Tuesday, February 12, 2008

NetBeans 6.0 Maven Integration

As a proponent of continuous integration, I naturally don't endorse one IDE over another. The choice should be free and open for developers to choice what works best for them. The important thing is that the project should not be reliant on an IDE to build. That is, there must be an independent build tool that can function outside of any IDE, whether it be ant or maven or whatever.

I have used several IDEs over the last couple of year to include Eclipse, IDEA and NetBeans . They all have their strengths and weakness and for the projects I have been working on, I ended up switching around quite a bit. With the recent announcement of the new Netbeans 6.0, I wanted to revisit it's capabilities and see what was new, particularly with its maven integration.

While the Netbeans installer was downloading, I started to search for what plugins I would need to do maven->Netbeans or Netbeans ->maven project conversions. Most of what I found looked outdated and didn't look easy to use. With a little stumbling around I found out that the Mevenide project does now support Netbeans 6.0 (this is not apparent on their Netbeans project page). So I installed the Mevenide Maven2 plugin.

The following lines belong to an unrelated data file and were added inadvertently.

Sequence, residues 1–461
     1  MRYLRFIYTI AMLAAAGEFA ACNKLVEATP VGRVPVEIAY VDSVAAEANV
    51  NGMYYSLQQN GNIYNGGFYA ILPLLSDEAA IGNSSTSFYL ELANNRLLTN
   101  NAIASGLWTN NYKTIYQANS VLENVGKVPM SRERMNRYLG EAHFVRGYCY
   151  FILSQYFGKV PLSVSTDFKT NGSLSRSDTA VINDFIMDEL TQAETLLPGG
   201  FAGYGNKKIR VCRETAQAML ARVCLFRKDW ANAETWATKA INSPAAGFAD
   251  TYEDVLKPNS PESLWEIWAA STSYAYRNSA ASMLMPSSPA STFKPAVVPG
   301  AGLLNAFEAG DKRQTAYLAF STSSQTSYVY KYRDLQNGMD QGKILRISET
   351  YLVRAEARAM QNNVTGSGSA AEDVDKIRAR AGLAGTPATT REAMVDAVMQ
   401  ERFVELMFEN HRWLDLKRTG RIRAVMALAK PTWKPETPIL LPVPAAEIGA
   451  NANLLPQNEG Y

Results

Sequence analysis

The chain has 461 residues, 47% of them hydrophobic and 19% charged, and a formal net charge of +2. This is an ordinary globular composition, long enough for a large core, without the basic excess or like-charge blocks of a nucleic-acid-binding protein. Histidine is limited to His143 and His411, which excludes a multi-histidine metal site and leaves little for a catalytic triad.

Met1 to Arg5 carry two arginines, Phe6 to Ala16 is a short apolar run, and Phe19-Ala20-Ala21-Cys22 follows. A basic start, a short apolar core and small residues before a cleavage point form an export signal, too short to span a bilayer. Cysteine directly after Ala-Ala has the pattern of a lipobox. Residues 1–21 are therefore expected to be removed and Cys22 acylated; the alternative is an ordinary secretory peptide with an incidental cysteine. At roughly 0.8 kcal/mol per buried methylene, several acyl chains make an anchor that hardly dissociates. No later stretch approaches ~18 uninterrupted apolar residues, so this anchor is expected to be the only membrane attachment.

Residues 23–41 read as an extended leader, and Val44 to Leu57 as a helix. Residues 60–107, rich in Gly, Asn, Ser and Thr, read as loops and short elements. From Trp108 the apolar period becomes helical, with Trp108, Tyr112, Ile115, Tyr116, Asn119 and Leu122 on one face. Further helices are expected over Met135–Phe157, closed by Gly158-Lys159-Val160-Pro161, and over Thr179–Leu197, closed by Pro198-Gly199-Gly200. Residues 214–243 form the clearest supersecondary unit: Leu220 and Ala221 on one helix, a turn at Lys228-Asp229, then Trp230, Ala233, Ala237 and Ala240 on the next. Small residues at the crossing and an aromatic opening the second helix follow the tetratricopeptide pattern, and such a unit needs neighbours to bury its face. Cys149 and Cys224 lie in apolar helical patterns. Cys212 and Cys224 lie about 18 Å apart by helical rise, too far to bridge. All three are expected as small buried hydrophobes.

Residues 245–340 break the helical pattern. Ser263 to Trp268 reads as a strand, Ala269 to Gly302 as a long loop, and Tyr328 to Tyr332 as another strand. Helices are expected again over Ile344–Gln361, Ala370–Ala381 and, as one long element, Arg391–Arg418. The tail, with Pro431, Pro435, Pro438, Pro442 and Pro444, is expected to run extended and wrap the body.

And was blown away!

There is no conversion of project types from maven->NetBeans . It just works natively. File > Open Project and browse for your existing maven project. Bingo.

I actually started by opening a parent project, <packaging>pom</packaging>, thinking that the Mavenide wouldn't know what to do with a multi module project, but it just worked, too! It showed me the project files, libraries, test libraries and the modules that this parent included. Too cool.

So then I double clicked my war module name hoping for the best and was not disappointed. It opened the war project in the project pane and I was off and running.

Right click on the project name to run the more common maven goals from right inside NetBeans. To run custom goals, you can create a Custom > Goals... goal that you can use to chain together whatever goals you want for a maven execution. This is the only thing I did that actually created a custom file on my filesystem. Everything else was native.

How's that for a slice of fried gold?
So, here's a big high five to to the Mevenide team on a job well done! (And update your NetBeans project page to highlight that it works in Netbeans 6.0. This is important news to advertise!).